In the case of proper nouns, in many cases, the use of a definite article is unnecessary because the fact that you are talking about a specific item is already clear. For example, you don’t need to say ‘the Jupiter’, because you could only possibly be talking about one thing; there aren’t other Jupiters from which you need to differentiate. That’s not to say that you can’t use a definite article where it sounds natural to do so, it’s just unnecessary.
Personally, I would only use ‘the’ if I was talking about earth meaning soil/land/etc. Eg. ‘The earth in my paddock is highly acidic’, where there is other earth from which to differentiate.
“Also, why is the moon just called Moon? The moons of other planets are mostly all named, (Io, Europa, Ganymede, etc...); “
We need a definite article in front of ‘moon’ because moon also has a usage as a synonym for natural satellites (e.g. I’m interested in the moons of Jupiter). ‘The’ is there to show we are talking about a specific moon (in this case, Earth’s)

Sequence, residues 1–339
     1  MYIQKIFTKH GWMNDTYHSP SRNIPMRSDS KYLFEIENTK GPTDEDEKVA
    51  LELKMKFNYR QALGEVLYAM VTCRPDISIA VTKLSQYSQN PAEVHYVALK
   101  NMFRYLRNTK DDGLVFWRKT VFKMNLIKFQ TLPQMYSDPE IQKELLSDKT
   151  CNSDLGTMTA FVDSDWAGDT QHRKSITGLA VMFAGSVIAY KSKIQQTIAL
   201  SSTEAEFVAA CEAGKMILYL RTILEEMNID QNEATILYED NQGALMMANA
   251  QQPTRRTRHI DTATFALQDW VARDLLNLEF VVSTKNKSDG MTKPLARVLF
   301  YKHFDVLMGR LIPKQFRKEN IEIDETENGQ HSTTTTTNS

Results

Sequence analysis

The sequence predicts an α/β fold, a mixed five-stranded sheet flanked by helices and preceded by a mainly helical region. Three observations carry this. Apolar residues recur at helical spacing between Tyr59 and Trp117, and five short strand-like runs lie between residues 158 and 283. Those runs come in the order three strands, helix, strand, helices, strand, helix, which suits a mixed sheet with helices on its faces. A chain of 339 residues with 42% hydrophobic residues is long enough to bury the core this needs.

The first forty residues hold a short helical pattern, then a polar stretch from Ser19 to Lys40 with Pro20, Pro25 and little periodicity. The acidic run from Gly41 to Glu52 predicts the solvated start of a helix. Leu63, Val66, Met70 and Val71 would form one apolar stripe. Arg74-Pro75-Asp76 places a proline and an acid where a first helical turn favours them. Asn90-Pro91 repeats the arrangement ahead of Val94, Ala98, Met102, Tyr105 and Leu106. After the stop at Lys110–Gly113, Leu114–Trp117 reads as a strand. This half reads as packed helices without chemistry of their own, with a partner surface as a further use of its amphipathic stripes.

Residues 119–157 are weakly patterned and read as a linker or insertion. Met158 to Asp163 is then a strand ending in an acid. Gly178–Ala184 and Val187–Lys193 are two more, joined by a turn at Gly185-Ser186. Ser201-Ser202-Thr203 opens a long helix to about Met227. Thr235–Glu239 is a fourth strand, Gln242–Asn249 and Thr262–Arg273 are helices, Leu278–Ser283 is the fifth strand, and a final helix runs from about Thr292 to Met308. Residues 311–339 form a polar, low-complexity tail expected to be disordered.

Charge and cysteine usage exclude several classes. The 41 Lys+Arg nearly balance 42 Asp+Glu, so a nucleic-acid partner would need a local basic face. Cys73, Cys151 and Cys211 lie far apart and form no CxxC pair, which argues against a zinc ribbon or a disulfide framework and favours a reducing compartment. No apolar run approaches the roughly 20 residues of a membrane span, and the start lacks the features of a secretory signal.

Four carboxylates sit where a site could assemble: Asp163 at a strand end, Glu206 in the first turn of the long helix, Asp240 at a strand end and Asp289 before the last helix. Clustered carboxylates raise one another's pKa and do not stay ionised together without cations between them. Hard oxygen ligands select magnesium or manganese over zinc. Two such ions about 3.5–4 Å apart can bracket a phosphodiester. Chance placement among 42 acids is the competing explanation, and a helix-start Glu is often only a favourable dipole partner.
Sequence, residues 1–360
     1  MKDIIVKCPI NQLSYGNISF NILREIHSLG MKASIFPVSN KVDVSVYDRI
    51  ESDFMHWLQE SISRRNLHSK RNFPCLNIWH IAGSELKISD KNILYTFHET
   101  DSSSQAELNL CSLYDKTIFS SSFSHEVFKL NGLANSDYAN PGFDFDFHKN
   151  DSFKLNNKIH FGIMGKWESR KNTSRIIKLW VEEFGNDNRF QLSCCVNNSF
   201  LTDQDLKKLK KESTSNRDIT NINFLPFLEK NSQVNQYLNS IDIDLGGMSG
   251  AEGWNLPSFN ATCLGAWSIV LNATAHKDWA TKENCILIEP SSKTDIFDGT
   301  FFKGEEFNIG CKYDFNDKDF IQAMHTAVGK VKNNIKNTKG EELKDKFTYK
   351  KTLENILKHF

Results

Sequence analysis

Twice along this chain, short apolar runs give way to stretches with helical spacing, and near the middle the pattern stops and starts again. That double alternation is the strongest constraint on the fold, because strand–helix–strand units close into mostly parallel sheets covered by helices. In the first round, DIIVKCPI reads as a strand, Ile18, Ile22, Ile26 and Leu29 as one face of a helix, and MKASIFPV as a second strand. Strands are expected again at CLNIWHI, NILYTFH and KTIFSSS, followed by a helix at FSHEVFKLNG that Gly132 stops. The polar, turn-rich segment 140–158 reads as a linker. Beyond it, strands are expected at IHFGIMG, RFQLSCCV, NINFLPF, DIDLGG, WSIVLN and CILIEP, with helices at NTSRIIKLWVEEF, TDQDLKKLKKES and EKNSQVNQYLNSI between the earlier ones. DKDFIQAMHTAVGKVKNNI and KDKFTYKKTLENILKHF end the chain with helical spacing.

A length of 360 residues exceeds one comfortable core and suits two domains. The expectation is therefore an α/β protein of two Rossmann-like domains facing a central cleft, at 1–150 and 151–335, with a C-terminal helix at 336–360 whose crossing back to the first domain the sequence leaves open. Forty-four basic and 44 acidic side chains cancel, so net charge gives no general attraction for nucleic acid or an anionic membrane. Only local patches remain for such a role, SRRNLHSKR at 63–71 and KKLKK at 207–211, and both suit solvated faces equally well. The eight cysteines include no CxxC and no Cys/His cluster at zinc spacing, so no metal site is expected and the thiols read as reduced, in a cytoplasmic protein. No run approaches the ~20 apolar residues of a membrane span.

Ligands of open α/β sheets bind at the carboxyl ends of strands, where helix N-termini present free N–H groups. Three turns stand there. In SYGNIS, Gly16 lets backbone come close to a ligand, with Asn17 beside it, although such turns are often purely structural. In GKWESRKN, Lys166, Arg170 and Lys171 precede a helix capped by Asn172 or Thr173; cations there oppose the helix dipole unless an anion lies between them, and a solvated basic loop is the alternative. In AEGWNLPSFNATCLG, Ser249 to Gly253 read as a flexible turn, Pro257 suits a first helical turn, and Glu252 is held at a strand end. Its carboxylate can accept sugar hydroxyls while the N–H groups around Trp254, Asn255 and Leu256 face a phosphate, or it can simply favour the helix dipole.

Recalling resolution 1884 (XVIII), calling upon States to refrain from placing in orbit around the earth any objects carrying nuclear weapons or any other kinds of weapons of mass destruction or from installing such weapons on celestial bodies,
States Parties to the Treaty undertake not to place in orbit around the earth any objects carrying nuclear weapons
In the treaty they are using "the" earth but in the journals there is different usage of with or without the earth.
My specific example:
Most of these objects are no longer functional nor in orbit around Earth and have since accumulated.
Should it be with "the"?
I'd suggest you talk with NASA, so you have a source for your work, but all NASA documents and communications (such as http://oiir.hq.nasa.gov/globablreach2008.pdf) always refer to our planet as "Earth".
It may also help you to talk with NASA about the term "outer space" as there are many levels of orbit and "space", and I'm guessing you need to be precise in your choice of terminology?
Edited for clarity.
all NASA documents and communications always refer to our planet as "Earth".
If you mean "Earth" not "the Earth"—the original question at issue—they don't. See http://www.google.com/search?q=%22the+earth%22&btnGNS=Search+nasa.gov&oi...
Most of these objects are no longer functional nor in orbit around Earth and have since accumulated."
I would change this to "the Earth", just because it sounds better to my ear, but it would be perfectly acceptable English usage to leave it as it is.